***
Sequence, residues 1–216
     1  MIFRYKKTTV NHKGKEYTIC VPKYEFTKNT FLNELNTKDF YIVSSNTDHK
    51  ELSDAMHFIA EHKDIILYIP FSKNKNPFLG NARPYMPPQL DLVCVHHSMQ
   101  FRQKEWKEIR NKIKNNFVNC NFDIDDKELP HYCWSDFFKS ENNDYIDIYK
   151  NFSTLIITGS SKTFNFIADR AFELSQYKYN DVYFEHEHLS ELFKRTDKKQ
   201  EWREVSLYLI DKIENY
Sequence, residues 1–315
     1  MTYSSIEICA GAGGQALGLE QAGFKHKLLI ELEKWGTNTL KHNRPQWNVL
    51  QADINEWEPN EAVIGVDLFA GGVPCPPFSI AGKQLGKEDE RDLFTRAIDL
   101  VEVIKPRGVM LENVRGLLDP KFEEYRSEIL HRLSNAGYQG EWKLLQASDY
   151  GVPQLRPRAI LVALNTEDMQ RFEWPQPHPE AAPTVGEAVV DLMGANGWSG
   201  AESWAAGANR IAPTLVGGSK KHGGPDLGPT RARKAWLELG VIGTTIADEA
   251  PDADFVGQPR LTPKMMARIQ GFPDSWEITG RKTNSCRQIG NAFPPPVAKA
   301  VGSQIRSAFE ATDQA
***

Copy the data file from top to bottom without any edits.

Sequence, residues 1–216
     1  MIFRYKKTTV NHKGKEYTIC VPKYEFTKNT FLNELNTKDF YIVSSNTDHK
    51  ELSDAMHFIA EHKDIILYIP FSKNKNPFLG NARPYMPPQL DLVCVHHSMQ
   101  FRQKEWKEIR NKIKNNFVNC NFDIDDKELP HYCWSDFFKS ENNDYIDIYK
   151  NFSTLIITGS SKTFNFIADR AFELSQYKYN DVYFEHEHLS ELFKRTDKKQ
   201  EWREVSLYLI DKIENY
Sequence, residues 1–315
     1  MTYSSIEICA GAGGQALGLE QAGFKHKLLI ELEKWGTNTL KHNRPQWNVL
    51  QADINEWEPN EAVIGVDLFA GGVPCPPFSI AGKQLGKEDE RDLFTRAIDL
   101  VEVIKPRGVM LENVRGLLDP KFEEYRSEIL HRLSNAGYQG EWKLLQASDY
   151  GVPQLRPRAI LVALNTEDMQ RFEWPQPHPE AAPTVGEAVV DLMGANGWSG
   201  AESWAAGANR IAPTLVGGSK KHGGPDLGPT RARKAWLELG VIGTTIADEA
   251  PDADFVGQPR LTPKMMARIQ GFPDSWEITG RKTNSCRQIG NAFPPPVAKA
   301  VGSQIRSAFE ATDQA